Fellowship of Saints and Sinners

Fellowship of Saints and Sinners


Why I Need a God Who Wears a Cross: A Meditation for Holy Week

It wasn’t supposed to be this way.  This final victory lap of the book; the last touches on a manuscript that I now a bit bashfully would let other eyes see for the very first time: they were supposed to come with the peaceful satisfaction of hard-won achievement.

I had come to the monastery to write. At 4am the sanctuary bell had chimed its four-part call to morning vigil, but I had been awake to greet it. A night of tossing and turning and lonely isolation in the prism of my thoughts had given way to a rainy, overcast morning and an unshakeable fog of inner sadness, even looming despair.

Something about this morning had made me afraid to be alone with myself for fear of what I would encounter. And there it was again. Like Groundhog Day. A return, like a broken record, of the wounds from a past hurt. The emotional hurt had happened years ago, but the pain kicks up every so often, sometimes staying for days, like an arthritic knee on rainy days, only worse. Sometimes I let it overtake me; other times I seek it out or reenact it.

I always feel it in the gut, which is where I feel everything. The ancients believed the heart was located there, and I can understand why: anger and despair register as a persistent burning, hurt and sadness as a deep ache, anxiety as a painful fluttering, longing as a kind of empty hole that cannot be filled however hard I try; and I’m learning to read these internal weather signs now. On this morning the weather girl was tracking signs of a tornado. Strong wind gusts and torrents of hail.

Like the other night when my six-year-old sat was watching the local weather channel on T.V. I had asked him to keep an eye on where the red rectangle moved. If it moved over downtown Atlanta, we would run for shelter in the basement, leaving the first stirrings of dinner to wait until later. He had sat watchfully transfixed, his budding manhood ennobled by the task, every so often calling out excitedly, “Mommy, the red rectangle is moving! Look, look!”

My red rectangle hadn’t moved. It seemed stuck. A flashing red pulse. And if in the world outside these walls, I could drown it out with constant busyness, here, in the lonely solitude of a monastery where silence is the rule, it commanded full attention, like a harsh dictator.

I know what Oscar Wilde meant when he described suffering as “one very long moment:” “we cannot divide it by seasons. We can only record its moods, and chronicle their return. With us time itself does not progress. It revolves.”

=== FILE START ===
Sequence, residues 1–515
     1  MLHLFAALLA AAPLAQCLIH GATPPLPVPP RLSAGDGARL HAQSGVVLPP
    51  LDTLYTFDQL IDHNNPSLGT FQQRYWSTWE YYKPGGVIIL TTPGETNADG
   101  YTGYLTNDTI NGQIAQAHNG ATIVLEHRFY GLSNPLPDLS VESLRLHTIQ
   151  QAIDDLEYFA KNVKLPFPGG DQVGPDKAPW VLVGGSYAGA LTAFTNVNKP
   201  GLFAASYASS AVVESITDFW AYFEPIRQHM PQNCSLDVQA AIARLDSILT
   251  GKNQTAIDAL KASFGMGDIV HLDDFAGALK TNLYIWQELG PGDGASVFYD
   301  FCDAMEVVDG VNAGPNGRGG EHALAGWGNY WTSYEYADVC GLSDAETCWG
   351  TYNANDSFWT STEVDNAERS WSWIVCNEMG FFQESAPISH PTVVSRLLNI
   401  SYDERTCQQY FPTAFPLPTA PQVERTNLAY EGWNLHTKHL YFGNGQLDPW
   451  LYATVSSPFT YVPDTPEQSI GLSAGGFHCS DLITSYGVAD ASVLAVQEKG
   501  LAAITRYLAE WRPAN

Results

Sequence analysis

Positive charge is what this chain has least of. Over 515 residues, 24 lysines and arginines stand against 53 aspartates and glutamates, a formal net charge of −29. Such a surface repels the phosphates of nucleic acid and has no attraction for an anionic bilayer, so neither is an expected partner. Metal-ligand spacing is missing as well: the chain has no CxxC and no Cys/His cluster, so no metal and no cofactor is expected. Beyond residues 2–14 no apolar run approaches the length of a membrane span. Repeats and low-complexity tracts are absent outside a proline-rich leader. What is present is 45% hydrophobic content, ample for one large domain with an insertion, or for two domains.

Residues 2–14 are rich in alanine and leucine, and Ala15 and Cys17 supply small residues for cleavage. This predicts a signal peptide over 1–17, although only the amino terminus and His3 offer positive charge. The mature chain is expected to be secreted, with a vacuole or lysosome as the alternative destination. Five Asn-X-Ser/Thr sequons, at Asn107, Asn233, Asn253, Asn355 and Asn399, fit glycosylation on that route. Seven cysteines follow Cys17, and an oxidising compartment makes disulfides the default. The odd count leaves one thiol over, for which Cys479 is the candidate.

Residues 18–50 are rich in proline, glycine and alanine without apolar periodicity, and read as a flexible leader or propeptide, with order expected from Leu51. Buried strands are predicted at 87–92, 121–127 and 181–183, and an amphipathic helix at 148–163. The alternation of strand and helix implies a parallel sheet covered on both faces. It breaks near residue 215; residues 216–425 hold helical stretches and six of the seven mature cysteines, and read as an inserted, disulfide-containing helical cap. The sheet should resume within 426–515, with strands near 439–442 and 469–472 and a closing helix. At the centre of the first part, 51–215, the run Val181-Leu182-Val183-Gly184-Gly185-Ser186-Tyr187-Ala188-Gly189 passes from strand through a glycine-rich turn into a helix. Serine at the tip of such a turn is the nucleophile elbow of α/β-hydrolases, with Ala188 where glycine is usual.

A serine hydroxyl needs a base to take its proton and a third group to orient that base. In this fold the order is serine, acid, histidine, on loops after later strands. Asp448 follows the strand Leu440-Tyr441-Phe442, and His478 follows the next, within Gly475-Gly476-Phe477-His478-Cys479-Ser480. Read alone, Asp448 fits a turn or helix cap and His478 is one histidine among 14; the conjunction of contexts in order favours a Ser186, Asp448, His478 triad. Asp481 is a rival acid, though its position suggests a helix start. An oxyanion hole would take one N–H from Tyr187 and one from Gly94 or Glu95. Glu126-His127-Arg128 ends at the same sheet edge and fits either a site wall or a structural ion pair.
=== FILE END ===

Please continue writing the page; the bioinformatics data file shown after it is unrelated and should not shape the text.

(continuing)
Trauma survivors speak in similar terms. Time is circular. Past, present and future seem to be tangled up in one revolving knot of pain.

There I was this morning, my gut in knots, caught up in the tornado, when I looked again at the crucifix on the wall: it was facing the bed where I sat hunkered down waiting for something better to happen. (There are crucifixes in every room here, as unavoidable as the pain.)

And then, a small, still voice from somewhere within the red rectangle spoke: “This is why I died for you,” the voice said. “This is why I had to die.”

The pain didn’t quite go away that day, but somehow it became a bit more bearable. Christ’s sufferings for and with me meant I no longer was really alone in my affliction, and that I could ask Christ to help me stand up under it. I could even ask Jesus to hold the burden for a while- as long as I’d be willing to let Him, that is. I had asked so many times before for Christ to remove the burden, but for whatever reason He had not. This was my “thorn in the flesh”- or “briar” as a dear friend sympathetically called it. If Christ would not remove it, Christ would at least shoulder it with me. Christ would be my companion.

May your Holy Week be full of this consolation: that in every room of human affliction, there is Jesus on a cross, saying, “This is why I came. See how much I love you.” And, may the wonder of this gift fill you up with every manner of good thing, so that you, too, might endure the sufferings and struggles that are uniquely yours to be lived.

 

 



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